The Legend of Hell House

Synopsis: Leave your sanity on the doorstep!

It sits here, shrouded in mist and mystery, a nesting place for living evil and terror from the dead. It’s Hell House. Roddy McDowall heads the cast of this exciting chiller about four psychic investigators and the dark, brooding mansion they themselves call “the Mt. Everest of haunted houses.” It’s already destroyed one team of researchers. Now this brave quartet ventures in for another try at unraveling its secret. But before they succeed, they must suffer through madness, murder and everything else the spirits that dwell here have in store for them. Yet learning the truth just might drive them all insane. An ingeniously-devised ghost story, The Legend Of Hell House will thrill and delight veteran horror fans from the first creaking door to the very last slithering shadow.

The Legend of Hell House 7.5

The Legend of Hell House: I had seen this DVD on the shelf so many times but, with a preposterously pretentious title like this, I simply couldn’t take it seriously enough to consider watching it. It really felt like they were trying a little too hard (I mean, really, “Hell House” is pretty dramatic. Add to this the presumption that this is a tale of legend, and you’ve completely lost me).

Then I saw the trailer for it on another DVD. It was eerie, and it gave the impression that it would have a bit of a psychedelic, fantastical quality to it. I like those elements in horror films, so I reconsidered my position and picked it up at the earliest, but cheapest, possible moment. I still had no real idea what it was about, as the trailer reveals very little, but I liked its tone and, based on the title, I hoped that it might fall somewhere along the lines of ‘House on Haunted Hill’ or ‘The Amityville Horror’.

The gamble paid off: it turns out that it’s a relatively effective paranormal frightener, even if it’s not super scary or gory; the scares are mostly traditional, with the music, noises, psychological torment, …etc., being the core of the spookiness (as opposed to gore or violence, as with some films). The style is very ‘70s, so it made me think of a haunted house story crossed with ‘The Exorcist’ for style and ‘Poltergeist’ for substance.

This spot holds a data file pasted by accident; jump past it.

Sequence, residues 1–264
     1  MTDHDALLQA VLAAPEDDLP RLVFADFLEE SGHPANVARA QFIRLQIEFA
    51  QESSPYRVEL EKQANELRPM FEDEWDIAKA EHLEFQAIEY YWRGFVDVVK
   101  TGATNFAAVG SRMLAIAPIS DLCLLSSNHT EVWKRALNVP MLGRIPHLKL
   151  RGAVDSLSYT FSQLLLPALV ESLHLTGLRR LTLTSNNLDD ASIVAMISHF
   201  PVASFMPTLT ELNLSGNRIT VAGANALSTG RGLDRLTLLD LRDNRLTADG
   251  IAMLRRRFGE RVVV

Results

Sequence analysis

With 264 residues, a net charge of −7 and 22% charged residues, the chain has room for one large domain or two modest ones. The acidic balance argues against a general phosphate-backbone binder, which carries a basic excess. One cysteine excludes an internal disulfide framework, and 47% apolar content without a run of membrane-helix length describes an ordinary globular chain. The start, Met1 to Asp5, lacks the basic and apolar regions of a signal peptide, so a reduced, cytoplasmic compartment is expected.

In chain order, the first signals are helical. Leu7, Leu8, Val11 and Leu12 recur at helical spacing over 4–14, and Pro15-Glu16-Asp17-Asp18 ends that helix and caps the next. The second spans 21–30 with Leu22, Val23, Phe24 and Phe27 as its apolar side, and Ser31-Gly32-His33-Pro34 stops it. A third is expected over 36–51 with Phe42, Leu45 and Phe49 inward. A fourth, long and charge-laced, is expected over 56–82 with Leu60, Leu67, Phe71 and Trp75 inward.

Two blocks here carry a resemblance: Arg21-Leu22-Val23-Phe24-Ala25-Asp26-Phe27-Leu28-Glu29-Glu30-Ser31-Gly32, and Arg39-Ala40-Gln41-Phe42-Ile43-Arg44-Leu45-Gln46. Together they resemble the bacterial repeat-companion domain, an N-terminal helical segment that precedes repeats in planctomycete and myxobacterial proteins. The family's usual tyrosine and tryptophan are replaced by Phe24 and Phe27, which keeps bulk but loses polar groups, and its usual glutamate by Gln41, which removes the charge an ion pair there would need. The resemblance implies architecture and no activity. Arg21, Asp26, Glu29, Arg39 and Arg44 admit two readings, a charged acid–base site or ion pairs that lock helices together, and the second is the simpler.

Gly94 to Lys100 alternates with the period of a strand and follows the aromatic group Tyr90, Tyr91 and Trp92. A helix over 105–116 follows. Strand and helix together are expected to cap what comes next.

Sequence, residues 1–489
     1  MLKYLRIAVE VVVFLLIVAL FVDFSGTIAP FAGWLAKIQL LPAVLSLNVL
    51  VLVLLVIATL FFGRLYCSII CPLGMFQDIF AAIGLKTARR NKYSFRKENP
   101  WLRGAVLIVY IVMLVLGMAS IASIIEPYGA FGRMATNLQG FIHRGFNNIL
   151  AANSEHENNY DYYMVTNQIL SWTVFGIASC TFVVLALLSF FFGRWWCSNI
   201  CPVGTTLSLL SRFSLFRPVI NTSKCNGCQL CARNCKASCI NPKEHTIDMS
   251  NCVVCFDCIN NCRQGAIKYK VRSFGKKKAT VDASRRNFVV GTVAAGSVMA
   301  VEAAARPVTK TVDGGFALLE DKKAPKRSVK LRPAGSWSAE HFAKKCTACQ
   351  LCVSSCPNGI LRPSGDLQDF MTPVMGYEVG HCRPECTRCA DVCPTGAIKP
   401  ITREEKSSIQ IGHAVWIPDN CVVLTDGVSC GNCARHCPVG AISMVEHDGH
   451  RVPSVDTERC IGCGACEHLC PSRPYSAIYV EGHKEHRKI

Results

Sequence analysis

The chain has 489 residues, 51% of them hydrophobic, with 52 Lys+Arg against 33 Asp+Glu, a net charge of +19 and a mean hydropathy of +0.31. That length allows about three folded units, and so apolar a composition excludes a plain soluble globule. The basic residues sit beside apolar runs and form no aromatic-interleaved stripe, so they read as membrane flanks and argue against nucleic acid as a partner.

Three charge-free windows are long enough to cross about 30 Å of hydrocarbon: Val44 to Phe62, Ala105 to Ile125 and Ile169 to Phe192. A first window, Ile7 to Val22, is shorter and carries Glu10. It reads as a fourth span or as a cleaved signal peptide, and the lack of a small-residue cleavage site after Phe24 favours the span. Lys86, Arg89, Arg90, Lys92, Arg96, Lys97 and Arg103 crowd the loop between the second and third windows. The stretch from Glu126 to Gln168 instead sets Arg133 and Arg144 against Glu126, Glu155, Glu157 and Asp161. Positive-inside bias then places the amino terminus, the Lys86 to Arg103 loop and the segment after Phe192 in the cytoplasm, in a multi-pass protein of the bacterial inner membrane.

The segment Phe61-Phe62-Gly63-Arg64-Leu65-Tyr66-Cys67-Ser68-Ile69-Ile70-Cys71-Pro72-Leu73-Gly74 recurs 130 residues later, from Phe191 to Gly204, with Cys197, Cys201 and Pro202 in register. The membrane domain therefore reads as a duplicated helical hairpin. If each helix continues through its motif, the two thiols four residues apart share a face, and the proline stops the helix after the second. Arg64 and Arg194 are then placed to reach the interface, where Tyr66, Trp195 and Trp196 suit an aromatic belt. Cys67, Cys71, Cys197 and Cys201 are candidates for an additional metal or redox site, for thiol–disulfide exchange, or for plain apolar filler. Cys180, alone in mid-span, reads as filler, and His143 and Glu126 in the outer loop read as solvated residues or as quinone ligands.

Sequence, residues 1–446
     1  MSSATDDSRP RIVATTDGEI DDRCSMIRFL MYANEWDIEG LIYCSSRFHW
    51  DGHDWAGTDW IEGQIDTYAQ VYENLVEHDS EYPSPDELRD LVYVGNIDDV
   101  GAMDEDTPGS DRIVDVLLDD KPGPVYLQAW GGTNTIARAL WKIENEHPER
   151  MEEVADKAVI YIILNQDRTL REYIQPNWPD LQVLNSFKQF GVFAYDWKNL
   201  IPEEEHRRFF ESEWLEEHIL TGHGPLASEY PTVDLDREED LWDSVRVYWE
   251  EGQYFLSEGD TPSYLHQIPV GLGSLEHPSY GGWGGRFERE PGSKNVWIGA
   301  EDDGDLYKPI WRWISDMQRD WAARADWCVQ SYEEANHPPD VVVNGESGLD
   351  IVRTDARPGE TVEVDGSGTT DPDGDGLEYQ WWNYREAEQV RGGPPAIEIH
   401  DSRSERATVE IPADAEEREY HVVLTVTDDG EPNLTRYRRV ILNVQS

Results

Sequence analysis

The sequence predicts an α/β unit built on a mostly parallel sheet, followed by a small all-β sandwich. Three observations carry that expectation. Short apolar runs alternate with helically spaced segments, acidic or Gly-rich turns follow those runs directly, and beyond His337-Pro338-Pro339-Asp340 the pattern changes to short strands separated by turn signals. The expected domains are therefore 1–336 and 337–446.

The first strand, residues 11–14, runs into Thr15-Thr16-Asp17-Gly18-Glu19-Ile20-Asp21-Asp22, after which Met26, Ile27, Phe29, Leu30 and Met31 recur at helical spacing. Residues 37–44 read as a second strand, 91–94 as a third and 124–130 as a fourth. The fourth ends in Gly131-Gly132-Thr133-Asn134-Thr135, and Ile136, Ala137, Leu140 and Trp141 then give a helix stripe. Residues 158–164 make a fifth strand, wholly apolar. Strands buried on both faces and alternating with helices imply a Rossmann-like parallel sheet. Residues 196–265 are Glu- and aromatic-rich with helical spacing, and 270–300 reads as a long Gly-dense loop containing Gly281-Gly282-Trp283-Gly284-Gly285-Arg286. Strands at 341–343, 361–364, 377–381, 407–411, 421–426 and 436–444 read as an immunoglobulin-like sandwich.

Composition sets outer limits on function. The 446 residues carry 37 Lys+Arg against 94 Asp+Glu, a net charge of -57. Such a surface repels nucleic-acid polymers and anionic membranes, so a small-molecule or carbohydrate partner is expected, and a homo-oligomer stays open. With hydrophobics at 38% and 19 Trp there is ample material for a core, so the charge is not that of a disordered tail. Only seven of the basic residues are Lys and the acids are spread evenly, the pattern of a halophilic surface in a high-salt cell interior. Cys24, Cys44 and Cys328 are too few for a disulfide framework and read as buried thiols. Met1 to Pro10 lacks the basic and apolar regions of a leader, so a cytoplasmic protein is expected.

The cast is decent enough. I don’t recognize any of them with the exception of the ever-tortured Roddy McDowall (who, it must be noted, is casually slipped into the mix and effortlessly blends in), but they all perform agreeably, if a little plainly. The setting was also well chosen; it almost all takes place in an old-school British manor that is absolutely perfect for a little dalliance with the afterlife.

However, the film ended up being slightly disappointing: unfortunately, it so happens that the trailer showed all the best bits in the span of 90 seconds’ time. Which, in turn, left the film to spread these out over the course of 90 minutes – making the lulls almost unbearable at times. It’s likely that my reaction is simply a case of initial expectations undermined by reality, so I’m sure the second viewing will be more enjoyable.

Still, for now, I have to temper my enthusiasm for the end product and simply say that ‘Hell House’, while entertaining, is hardly legendary.

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